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Contracting Competence Highlighted As Key Success Factor

November 19, 2008

An audit report on Iraqi reconstruction projects has unearthed almost 600 cases of contract mismanagement. It highlights a range of key actions that should be taken to ensure improved performance. Analysis of the report by IACCM researchers has produced the following summary. While some of the actions are specific to government sector, many of them apply equally to all contracting environments – and the principles of better selection, improved relationship segmentation and improved tools and systems are among the top actions recommended by IACCM in its current ‘call to action’ for our community.

IT: Developing information systems for managing contracting and procurement

Training: Getting contracting personnel trained to execute specific types of contracting. Early involvement of contracting staff (in the planning stage itself). Institutionalize special contracting programs

Develop and implement information systems for managing contracting and procurement in contingency operations.

The interagency working group that explores the CFAR should also review current contracting and procurement information systems and develop guidelines and processes for enhancing these existing systems or, if necessary, creating new ones to meet unique contingency operational needs.

Create a deployable reserve corps of contracting personnel who are trained to execute rapid relief and reconstruction contracting during contingency operations. This contracting reserve corps could be coordinated by the DoS Office of the Coordinator for Reconstruction and Stabilization as part of its civilian ready reserve corps.

An existing contingent of contracting professionals, trained in the use of the CFAR and other aspects of contingency contracting, could maximize contracting efficiency in a contingency environment. Include contracting staff at all phases of planning for contingency operations. Contracting plays a central role in the execution of contingency operations, and thus it must be part of the pre-deployment planning process. Whether for stabilization or reconstruction operations, contracting officials help provide an accurate picture of the resources necessary to carry out the mission.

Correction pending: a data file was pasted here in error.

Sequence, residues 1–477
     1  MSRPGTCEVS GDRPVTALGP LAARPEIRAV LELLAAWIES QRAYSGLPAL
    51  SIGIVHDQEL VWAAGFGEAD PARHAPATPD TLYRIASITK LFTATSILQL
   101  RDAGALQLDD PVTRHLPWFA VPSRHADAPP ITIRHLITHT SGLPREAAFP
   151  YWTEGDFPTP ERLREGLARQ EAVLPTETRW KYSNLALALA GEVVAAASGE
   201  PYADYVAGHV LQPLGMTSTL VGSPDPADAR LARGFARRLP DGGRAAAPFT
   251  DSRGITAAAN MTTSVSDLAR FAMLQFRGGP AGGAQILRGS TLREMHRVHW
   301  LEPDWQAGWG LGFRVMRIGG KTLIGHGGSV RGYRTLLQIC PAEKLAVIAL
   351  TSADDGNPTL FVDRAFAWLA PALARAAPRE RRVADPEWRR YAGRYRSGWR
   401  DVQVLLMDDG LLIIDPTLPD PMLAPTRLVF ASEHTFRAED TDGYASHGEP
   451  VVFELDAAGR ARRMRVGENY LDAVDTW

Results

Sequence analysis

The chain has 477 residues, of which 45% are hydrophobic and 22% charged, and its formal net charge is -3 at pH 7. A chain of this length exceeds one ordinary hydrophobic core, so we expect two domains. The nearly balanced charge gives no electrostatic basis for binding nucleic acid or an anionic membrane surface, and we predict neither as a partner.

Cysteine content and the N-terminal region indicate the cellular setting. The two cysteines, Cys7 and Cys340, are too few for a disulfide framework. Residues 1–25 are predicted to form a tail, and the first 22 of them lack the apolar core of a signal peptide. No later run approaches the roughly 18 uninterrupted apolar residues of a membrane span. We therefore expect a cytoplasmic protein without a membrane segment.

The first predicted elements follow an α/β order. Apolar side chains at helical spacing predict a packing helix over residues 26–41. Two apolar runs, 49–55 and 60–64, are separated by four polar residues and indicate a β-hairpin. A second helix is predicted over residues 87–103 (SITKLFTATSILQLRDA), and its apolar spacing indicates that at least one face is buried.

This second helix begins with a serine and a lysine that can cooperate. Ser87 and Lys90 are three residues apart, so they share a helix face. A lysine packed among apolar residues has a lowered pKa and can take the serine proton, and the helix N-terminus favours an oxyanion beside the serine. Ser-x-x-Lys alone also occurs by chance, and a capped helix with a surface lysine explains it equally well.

Pursue the institutionalization of special contracting programs. In Iraq, smaller scale contracting programs, like the Commander’s Emergency Response Program (CERP) and the Commanders Humanitarian Relief and Reconstruction Program (CHRRP), achieved great success. Commanders used these programs to accomplish projects that immediately met the needs of a post-war population in distress.

Given the positive performance of CERP and CHRRP in Iraq, the Congress should legislatively institutionalize such programs for easy implementation in future contingency operations. Pre-compete and pre-qualify a diverse pool of contractors with expertise in specialized reconstruction areas. These contractors should receive initial reconstruction contracts during the start-up phase of a post-conflict reconstruction event.)

One Comment
  1. Interestingly, one could argue that these goals need to be more rigorously pursued throughout federal government contracting procurement, particularly for defense contracts. To understand how important this is, one could note that the cost of defense contract overruns alone exceeded the federal budget deficit in 2007. One key improvement would be to have the decision makers who have spending authority trained on how to use key contract pricing clauses to protect against overruns, particularly for manufacturing development projects which can often be an extremely expensive moving target. Additionally, use of these protections should be required and audited against on a regular basis to ensure cost containment.

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